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My revert of "ending = suffixed inflections"
- In my defense, I realize now that there is a narrow sense and a broad sense of "suffix." Just as one could claim that a "lion" is distinct from a "cat" when using "cat" in a narrow sense, someone else could say that they're all "cats" and the distinction is between "great cats" and "domesticated cats." This is precisely what the Affix article does, noting that affixes "may be derivational, like English -ness and pre-, or inflectional, like English plural -s and past tense -ed." And yet, the article List of English suffixes, while listing "-ing" (which I would call an "ending"), includes neither "-s" nor "-ed," which would arguably be two of the very most common suffixes in the English language; I think this is because many people know intuitively that there is a big difference between an "ending" like "-s" and a suffix like "-ness."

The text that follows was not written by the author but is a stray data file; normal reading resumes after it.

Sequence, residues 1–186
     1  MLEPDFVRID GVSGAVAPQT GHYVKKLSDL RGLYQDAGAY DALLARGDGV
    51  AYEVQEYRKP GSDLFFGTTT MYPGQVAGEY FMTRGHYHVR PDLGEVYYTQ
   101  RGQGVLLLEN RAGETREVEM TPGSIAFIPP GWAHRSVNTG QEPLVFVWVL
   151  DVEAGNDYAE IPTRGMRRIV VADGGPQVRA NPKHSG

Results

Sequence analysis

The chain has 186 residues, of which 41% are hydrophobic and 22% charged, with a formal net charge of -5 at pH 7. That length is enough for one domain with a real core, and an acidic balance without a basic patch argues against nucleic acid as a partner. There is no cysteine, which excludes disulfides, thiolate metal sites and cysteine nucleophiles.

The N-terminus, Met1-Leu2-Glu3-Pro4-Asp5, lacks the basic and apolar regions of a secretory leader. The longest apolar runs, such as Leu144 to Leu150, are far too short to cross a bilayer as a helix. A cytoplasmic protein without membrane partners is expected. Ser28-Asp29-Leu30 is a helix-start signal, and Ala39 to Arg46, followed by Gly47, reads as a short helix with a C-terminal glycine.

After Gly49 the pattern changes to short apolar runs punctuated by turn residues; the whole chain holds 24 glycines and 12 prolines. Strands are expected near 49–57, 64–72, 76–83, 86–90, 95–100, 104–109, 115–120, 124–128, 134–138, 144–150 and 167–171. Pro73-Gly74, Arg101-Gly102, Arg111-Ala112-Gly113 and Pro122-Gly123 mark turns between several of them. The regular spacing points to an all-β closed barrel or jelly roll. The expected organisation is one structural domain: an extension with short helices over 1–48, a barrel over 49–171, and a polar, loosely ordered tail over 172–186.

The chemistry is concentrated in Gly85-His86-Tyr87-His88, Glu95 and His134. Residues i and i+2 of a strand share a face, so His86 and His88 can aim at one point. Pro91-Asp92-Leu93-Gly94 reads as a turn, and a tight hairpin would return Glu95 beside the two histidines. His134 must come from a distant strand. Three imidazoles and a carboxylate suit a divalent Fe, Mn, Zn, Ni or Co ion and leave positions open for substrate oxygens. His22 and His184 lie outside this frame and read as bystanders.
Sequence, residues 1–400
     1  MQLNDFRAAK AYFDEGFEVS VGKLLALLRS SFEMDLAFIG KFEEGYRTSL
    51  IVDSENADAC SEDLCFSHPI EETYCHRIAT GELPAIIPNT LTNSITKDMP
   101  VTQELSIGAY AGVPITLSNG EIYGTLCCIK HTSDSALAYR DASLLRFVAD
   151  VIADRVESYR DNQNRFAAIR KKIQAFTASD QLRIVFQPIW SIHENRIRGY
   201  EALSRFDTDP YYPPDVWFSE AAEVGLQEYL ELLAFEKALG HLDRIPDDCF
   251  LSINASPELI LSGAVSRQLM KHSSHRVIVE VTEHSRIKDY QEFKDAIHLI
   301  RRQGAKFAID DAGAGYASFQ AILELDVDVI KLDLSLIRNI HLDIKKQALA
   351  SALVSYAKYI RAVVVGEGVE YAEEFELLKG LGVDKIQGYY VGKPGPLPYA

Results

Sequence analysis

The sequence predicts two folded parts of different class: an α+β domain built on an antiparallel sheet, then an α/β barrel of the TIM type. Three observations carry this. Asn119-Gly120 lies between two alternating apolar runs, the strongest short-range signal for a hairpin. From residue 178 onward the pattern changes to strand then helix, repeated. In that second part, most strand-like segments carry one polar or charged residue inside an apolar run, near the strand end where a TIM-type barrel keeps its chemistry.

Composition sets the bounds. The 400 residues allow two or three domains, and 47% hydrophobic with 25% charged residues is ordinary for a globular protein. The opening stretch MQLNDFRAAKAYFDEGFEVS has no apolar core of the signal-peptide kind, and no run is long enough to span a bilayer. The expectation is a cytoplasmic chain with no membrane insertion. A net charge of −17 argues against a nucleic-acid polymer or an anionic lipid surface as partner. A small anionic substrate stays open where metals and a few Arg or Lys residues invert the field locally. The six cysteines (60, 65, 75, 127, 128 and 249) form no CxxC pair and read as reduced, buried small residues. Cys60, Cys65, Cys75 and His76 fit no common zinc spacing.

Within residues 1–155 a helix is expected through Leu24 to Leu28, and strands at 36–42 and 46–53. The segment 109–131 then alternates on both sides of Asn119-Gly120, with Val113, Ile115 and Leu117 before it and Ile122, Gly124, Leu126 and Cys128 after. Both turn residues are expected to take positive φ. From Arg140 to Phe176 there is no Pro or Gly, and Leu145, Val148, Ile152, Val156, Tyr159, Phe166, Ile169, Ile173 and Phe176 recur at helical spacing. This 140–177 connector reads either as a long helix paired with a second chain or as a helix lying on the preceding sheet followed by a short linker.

- I will yield if the community consensus is that any letters added to the end of a word qualify as a suffix, although I doubt that any list of Latin suffixes would include "-is" as a third declension genitive singular and "-amus" as first conjugation first person plural present. That is a HOE! article. But I am happy to see that most of what I have contributed in this article has remained. — Revjmyoung 14:38, 30 March 2006 (UTC)
- Hmmm... In fact List of English suffixes should include inflectional suffixes, unless a clarification is made somewhere. Either that, or rename it to List of English derivational suffixes. It's not that there are two senses of "suffix", or that the community consensus has anything to do. A suffix is a bound morpheme that is added to the end of a word, period. Whether it's inflectional or derivational is not part of the definition. "Ending" suggests derivation because that's how it's taught in schools. Inflectional endings tend to be grouped in paradigms (conjugation or declension tables) and set apart. --Pablo D. Flores (Talk) 16:44, 30 March 2006 (UTC)